Residents of Holme Circle may soon learn the full details about proposed renovations to the Immaculate Mary Home at 2990 Holme Ave.
During the monthly meeting of the Holme Circle Civic Association on April 27, the group’s acting chairman, Mike Gould, said that the owner of the home was planning to file construction permit applications with the city imminently and that the owner has been invited to speak at the group’s next meeting on May 28.
The Immaculate Mary Home was one of seven senior nursing and assisted-living facilities sold by the Archdiocese of Philadelphia to Flushing, New York-based Center Management Group in July 2014. Early this year, neighbors of the home noticed what appeared to be surveying work on the property and reported it to local elected officials.
In February, state Rep. Ed Neilson and City Councilman Bobby Henon spoke privately to Center’s co-founder and CEO, Charles-Edouard Gros, who, they said, told them that his company’s plan is to expand the home while converting many of its multiple-occupancy units to single-occupancy.
The company also wants to expand its outpatient care and rehabilitation programs, Neilson said. The state lawmaker further told neighbors that the company CEO assured him that the height of the new construction would not exceed the building’s existing four stores and that there would be no new vehicle entrances or exits to the property.
Gould told neighbors at last week’s meeting that he had been informed by Center’s attorney that the company was planning to apply for construction permits last Thursday. If those plans do not conform fully to the city’s zoning code, then the owner would have to meet with the community and appear at a hearing before the Zoning Board of Adjustment. Gould said he is awaiting a response from Center regarding the invitation for the May HCCA meeting.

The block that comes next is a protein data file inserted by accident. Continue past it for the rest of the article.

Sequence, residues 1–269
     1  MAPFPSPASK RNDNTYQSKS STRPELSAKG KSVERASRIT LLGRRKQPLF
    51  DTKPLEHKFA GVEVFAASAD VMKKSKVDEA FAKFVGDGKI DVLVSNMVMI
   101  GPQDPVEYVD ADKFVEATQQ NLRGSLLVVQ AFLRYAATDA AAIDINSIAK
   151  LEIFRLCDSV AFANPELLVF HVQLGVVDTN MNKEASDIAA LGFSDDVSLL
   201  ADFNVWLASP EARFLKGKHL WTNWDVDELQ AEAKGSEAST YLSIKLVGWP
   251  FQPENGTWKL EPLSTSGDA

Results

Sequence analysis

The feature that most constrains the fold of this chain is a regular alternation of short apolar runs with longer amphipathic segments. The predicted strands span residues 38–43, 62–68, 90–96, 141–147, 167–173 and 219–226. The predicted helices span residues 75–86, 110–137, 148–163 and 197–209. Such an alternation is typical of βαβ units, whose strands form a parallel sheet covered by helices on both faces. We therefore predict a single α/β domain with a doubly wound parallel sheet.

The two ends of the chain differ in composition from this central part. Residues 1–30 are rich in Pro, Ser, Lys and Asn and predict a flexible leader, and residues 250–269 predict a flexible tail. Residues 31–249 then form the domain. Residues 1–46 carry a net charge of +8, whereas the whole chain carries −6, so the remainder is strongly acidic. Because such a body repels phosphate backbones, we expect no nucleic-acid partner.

In other business:
• HCCA member Elsie Stevens reported that she has been trying to find someone who will mow the median of Holme Avenue near the circle. Due to the mild winter, grass has grown higher than expected for this time of year. Usually, the Pennsylvania Department of Transportation mows the avenue, but it wasn’t scheduled to do so until later in the season.
To complicate matters, the civic association couldn’t do the job because it couldn’t assume liability for an accident on the busy roadway. Stevens said she had asked the owner of a nearby commercial property if he would arrange for mowing in the meantime. On Friday, Stevens told the Northeast Times that someone had volunteered to do the job anonymously.
• A resident, who asked to remain anonymous, reported that police have begun a crackdown on drinking parties in Pennypack Park. One such party was in full swing at about 4 p.m. on April 23 near the Crispin Gardens Athletic Association when someone called 911 to report it. Police showed up and seized numerous cases of beer, along with a beer keg and tap.
About three hours later, police also took beer from some young people in the area of Axe Factory Road. That day, the 8th Police District’s official Twitter feed posted a photo of a beer keg with a red circle and line pasted over it.
The district also posted the message: “The 8th District has stepped up its enforcement of the Underage Drinking Laws! The party stops now!”
• Stevens reported that PennDOT’s construction of a new intersection at Roosevelt Boulevard and Holme Avenue is two to three months ahead of schedule, despite a recent setback due to the new discovery of underground fiber optic cables. Project engineers had to redesign some landscape elements to accommodate the cables. Work was originally scheduled to continue until August. ••